By Lindsay Whitehurst
Salt Lake Tribune
SALT LAKE CITY (RNS) Utah's complicated history with polygamy starts a new chapter Wednesday (July 13) as a reality-show family challenges the state's ban on plural marriage, a fight that could go all the way to the U.S. Supreme Court.
Nationally known constitutional law professor Jonathan Turley said the federal lawsuit does not call for plural marriages to be recognized by the state. Instead, it asks for polygamy between consenting adults like his clients, Kody Brown and his wives, to no longer be considered a crime.
"We are only challenging the right of the state to prosecute people for their private relations and demanding equal treatment with other citizens in living their lives according to their own beliefs," Turley said in a press release.
The Browns star in the TLC network show "Sister Wives."
Utah Attorney General Mark Shurtleff said the country's ongoing legal wrangling over same-sex marriage will necessarily grow to include plural marriage -- quite possibly centered around this case.
"I'm confident that we can (defend) a challenge all the way to the Supreme Court," Shurtleff said. "Ultimately, this decision is going to have to go there. You see it coming."
The Supreme Court toyed with taking on polygamy five years ago, when it asked for briefs in the case of polygamous police officer Rodney Holm, who was accused of having sex with a 16-year-old plural wife. The justices ultimately refused to hear his appeal.
"The whole case was tainted by (sexual contact with a minor). We didn't die on the courthouse steps, we died inside," said attorney Rod Parker, who represented Holm. "I don't know if (the Brown case) will be the one, but sooner or later one's going to go there ... if it's factually clean."
Meanwhile, Kody Brown released a statement saying his is one of tens of thousands of polygamous families looking for "equal treatment."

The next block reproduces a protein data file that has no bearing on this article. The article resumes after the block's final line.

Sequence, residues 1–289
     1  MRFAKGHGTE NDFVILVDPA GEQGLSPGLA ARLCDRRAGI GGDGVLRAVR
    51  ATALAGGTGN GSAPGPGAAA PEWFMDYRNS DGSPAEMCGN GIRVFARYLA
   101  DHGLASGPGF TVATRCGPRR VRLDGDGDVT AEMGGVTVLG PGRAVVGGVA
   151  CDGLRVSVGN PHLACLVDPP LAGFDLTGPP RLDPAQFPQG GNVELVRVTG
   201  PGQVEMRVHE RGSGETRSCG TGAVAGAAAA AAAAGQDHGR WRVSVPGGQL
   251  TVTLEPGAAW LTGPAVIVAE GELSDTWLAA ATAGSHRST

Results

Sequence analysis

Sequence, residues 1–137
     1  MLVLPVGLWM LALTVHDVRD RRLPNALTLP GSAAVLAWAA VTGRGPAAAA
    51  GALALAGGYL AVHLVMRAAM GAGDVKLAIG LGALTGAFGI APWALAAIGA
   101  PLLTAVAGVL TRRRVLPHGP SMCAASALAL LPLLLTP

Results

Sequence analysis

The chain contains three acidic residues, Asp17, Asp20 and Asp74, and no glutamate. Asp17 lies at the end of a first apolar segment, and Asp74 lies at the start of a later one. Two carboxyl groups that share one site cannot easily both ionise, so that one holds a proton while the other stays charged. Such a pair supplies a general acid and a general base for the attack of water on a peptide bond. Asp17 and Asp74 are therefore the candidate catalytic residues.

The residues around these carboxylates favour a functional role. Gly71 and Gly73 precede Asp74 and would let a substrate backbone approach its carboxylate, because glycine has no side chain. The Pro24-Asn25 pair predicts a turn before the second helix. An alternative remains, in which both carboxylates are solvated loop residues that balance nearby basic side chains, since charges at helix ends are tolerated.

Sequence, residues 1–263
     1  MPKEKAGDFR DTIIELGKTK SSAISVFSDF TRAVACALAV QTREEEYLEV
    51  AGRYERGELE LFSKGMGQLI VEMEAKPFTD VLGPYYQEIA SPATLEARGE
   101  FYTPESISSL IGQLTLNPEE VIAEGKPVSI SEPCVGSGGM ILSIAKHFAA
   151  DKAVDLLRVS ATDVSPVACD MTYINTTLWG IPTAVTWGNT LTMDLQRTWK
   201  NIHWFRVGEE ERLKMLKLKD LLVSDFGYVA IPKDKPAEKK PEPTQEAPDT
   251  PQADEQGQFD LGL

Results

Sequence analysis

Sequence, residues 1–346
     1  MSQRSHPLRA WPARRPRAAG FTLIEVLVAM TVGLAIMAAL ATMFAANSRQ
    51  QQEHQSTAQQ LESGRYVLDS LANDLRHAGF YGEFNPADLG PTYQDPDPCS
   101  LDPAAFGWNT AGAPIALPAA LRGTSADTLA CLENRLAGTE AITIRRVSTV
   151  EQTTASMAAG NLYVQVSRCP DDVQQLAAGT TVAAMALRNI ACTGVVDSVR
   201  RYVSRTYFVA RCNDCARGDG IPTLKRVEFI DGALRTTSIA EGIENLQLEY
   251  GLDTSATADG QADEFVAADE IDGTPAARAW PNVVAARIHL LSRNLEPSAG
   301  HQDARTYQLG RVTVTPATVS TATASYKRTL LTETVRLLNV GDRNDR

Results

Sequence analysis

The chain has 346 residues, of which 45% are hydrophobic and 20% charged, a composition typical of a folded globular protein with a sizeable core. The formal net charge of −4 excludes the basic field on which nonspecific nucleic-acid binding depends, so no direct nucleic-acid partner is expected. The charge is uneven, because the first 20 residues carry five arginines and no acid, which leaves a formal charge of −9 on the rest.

"While we understand that this may be a long struggle in court, it has already been a long struggle for my family and other plural families to end the stereotypes and unfair treatment given consensual polygamy," he said.
The complaint, Turley said, presents seven constitutional challenges to the state's anti-bigamy law; the lawsuit is largely based on the right to privacy.
"In that sense, it is a challenge designed to benefit not just polygamists but all citizens who wish to live their lives according to their own values -- even if those values run counter to those of the majority in the state," said Turley, a member of the faculty at George Washington University.
Members of the Salt Lake City-based Church of Jesus Christ of Latter-day Saints once believed in polygamy as a religious tenet, but the practice was abandoned as a condition of Utah receiving statehood in 1896.
Groups calling themselves fundamentalist Mormons have continued the practice, though usually out of the spotlight. The first exception since the 1970s was Tom Green, who was prosecuted for bigamy after promoting his beliefs on national television 10 years ago.
Since his conviction, other challenges have arisen to the polygamy law. Also, a couple who hoped to add a second wife sued when a clerk refused to issue them a marriage license in 2004. Their case was dismissed by a federal appeals court.
The Browns stepped forward to announce the reality show last year. Kody Brown and wives Christine Brown, Janelle Brown, Meri Brown and Robyn Sullivan are well into adulthood and portray themselves as living an otherwise middle-class life. They lived in Lehi, Utah, until last year, when they moved to Nevada with their 16 children after police started an investigation sparked by the show.
No charges have been filed against them, though Utah County Attorney Jeff Buhman said the case remains under investigation. Turley said that investigation has not found evidence of child abuse or underage marriage.
(Lindsay Whitehurst writes for The Salt Lake Tribune.)